MANHATTAN (CN) – The New York City Transit Authority runs an illegal “secret court” that tries 20,000 people a year on charges leveled by NYPD officers, the New York Civil Liberties Union says in a federal lawsuit. The NYCLU says the secret court – the Transit Adjudication Bureau – is unconstitutional – and convicts 83% of the people who appear before it.
The complaint states: This civil rights action challenges the secrecy that surrounds the court that handles the hundreds of thousands of summonses issued by New York City Police Department officers to people using the New York City transit system. The court – the Transit Adjudication Bureau (‘TAB’), which is operated by the New York City Transit Authority – holds over 20,000 hearings a year in which subway and bus riders face charges leveled by NYPD officers. Those hearings, however, are effectively closed to the public, as the TAB has a policy of barring access to any hearing unless the person charged with the offense consents to an outsider observing the hearing. As a result of this policy and the fact that TAB case records are exempt from the state Freedom of Information Law, the TAB essentially operates as a secret court, thereby shielding from public scrutiny the TAB’s handling of NYPD summonses and the NYPD practices behind those summonses. …
“The TAB has failed to promulgate rules or make public written information about how it conducts its hearings, leaving those issued summonses (and their attorneys if they have them) in the dark about how the TAB conducts its hearings. This failure, combined with figures indicating that the TAB enters judgments against those who challenge their summonses more than 83 percent of the time, raises serious concerns about the fairness of these proceedings. And, these concerns are exacerbated by figures indicating that black and Latino New Yorkers receive a disproportionate share of NYPD transit summonses.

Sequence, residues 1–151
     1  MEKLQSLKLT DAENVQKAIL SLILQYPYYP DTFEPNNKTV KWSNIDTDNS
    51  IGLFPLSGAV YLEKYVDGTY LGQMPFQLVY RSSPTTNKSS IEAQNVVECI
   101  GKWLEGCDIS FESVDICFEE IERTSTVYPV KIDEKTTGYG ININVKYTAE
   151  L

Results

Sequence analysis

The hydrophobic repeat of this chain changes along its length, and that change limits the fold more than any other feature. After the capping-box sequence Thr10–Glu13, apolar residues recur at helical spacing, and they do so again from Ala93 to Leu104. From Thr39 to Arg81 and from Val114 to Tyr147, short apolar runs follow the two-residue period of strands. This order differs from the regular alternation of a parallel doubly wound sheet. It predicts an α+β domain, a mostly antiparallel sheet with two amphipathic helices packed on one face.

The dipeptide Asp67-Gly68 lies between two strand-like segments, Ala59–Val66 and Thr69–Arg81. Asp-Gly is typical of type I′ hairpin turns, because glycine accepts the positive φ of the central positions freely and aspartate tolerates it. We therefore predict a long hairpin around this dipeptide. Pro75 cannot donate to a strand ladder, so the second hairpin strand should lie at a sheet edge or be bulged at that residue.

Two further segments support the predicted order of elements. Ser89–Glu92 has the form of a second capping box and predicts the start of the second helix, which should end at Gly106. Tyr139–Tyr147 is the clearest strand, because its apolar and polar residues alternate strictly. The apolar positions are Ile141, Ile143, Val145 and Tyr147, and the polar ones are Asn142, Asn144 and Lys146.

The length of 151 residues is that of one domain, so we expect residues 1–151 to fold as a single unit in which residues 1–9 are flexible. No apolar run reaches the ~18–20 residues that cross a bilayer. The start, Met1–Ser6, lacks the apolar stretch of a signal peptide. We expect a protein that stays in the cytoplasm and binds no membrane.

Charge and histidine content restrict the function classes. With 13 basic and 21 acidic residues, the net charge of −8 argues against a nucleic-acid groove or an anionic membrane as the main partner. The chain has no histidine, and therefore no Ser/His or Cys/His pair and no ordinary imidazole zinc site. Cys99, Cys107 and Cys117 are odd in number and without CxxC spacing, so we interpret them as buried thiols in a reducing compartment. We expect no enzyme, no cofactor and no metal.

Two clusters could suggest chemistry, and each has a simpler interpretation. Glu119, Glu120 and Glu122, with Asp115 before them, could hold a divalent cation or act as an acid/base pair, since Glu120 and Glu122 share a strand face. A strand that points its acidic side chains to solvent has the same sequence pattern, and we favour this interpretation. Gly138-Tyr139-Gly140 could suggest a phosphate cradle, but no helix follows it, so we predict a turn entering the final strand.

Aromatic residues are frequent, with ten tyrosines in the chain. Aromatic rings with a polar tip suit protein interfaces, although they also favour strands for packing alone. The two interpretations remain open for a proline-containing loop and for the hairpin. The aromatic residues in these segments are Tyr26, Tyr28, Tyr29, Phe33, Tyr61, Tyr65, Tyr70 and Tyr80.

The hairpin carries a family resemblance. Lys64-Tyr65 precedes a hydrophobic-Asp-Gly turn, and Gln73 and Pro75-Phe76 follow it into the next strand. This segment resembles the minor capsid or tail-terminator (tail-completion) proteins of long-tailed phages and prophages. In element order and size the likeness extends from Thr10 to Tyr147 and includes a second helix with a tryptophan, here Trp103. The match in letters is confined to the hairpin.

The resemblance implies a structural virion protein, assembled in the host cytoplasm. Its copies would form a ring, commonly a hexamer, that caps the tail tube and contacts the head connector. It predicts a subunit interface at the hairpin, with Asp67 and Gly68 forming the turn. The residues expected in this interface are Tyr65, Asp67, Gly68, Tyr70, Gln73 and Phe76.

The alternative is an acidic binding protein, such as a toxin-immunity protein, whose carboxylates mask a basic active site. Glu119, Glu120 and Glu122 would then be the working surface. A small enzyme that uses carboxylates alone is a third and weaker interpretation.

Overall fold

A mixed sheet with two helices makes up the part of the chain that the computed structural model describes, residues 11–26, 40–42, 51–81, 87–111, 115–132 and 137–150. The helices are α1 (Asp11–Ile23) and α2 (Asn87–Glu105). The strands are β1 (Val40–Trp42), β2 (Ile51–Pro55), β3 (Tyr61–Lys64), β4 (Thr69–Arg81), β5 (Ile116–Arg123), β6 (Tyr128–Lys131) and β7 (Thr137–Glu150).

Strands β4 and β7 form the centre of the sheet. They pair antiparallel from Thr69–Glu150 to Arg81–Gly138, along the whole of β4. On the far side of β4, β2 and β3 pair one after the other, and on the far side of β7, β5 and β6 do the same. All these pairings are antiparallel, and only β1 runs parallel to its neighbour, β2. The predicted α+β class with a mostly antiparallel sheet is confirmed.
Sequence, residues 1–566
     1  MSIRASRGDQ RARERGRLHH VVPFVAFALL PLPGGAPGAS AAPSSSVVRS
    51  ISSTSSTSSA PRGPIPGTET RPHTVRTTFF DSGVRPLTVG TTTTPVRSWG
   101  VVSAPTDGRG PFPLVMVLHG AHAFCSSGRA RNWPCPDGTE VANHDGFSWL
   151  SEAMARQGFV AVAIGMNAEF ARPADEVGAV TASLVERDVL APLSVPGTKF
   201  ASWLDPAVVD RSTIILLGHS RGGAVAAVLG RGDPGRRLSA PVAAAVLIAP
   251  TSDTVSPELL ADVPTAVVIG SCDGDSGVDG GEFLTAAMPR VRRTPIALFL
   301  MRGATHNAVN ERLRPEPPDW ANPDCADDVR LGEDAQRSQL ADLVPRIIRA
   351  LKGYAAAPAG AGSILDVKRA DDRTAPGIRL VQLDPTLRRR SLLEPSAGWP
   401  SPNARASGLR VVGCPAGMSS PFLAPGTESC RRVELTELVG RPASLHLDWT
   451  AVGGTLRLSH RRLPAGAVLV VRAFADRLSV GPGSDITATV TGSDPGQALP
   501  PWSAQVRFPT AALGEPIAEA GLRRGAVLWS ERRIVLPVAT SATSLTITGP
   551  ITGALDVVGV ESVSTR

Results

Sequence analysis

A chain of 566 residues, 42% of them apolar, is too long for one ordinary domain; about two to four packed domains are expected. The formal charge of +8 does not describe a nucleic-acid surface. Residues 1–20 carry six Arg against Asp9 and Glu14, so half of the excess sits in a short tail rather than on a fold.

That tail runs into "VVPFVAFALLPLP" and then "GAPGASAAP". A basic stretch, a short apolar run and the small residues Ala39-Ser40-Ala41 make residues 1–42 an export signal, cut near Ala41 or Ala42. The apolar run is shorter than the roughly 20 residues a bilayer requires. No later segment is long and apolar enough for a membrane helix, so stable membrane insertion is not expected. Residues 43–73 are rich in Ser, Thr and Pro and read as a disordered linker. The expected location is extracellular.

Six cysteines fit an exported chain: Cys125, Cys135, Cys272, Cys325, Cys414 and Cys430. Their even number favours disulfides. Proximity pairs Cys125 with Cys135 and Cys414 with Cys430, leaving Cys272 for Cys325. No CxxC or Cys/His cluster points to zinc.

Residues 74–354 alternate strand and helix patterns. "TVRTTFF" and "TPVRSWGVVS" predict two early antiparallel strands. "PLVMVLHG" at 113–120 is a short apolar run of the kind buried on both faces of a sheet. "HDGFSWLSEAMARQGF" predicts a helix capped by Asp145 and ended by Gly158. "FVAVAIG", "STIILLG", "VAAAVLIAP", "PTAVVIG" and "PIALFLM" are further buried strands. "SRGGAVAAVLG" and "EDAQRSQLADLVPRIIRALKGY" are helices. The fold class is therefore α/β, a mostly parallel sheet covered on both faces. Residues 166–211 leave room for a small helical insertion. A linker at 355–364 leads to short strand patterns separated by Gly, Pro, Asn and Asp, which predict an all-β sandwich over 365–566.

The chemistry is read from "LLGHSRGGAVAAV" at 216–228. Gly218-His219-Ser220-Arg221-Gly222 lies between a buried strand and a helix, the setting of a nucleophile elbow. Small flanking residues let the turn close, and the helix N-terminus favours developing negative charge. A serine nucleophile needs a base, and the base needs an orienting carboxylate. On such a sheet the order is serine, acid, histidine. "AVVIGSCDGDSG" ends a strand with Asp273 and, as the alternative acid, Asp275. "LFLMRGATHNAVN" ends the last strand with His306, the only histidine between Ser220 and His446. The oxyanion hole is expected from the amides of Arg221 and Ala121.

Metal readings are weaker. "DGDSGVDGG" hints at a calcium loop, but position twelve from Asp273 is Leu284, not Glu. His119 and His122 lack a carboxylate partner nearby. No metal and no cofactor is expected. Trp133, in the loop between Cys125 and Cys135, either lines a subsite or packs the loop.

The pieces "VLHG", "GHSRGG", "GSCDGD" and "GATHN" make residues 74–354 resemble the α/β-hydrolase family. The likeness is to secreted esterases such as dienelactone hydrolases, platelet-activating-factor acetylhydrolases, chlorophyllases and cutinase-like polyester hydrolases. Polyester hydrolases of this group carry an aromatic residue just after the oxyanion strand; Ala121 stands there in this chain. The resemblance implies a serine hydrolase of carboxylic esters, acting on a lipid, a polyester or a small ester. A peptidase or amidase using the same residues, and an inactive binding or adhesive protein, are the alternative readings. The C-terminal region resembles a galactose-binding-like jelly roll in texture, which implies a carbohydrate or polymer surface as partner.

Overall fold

“The TAB’s policy of closing its hearings violates the First and Fourteenth Amendments of the United States Constitution, federal common law, Article I Section 8 of the New York State Constitution, and the common law and public policy of the State of New York. Because the TAB has rejected the NYCL D’s request that it open its hearings to the public, the NYCLU now seeks declaratory and injunctive relief against the TAB policy.”
The NYCLU’s lead attorneys are Christopher Dunn and Arthur Eisenberg.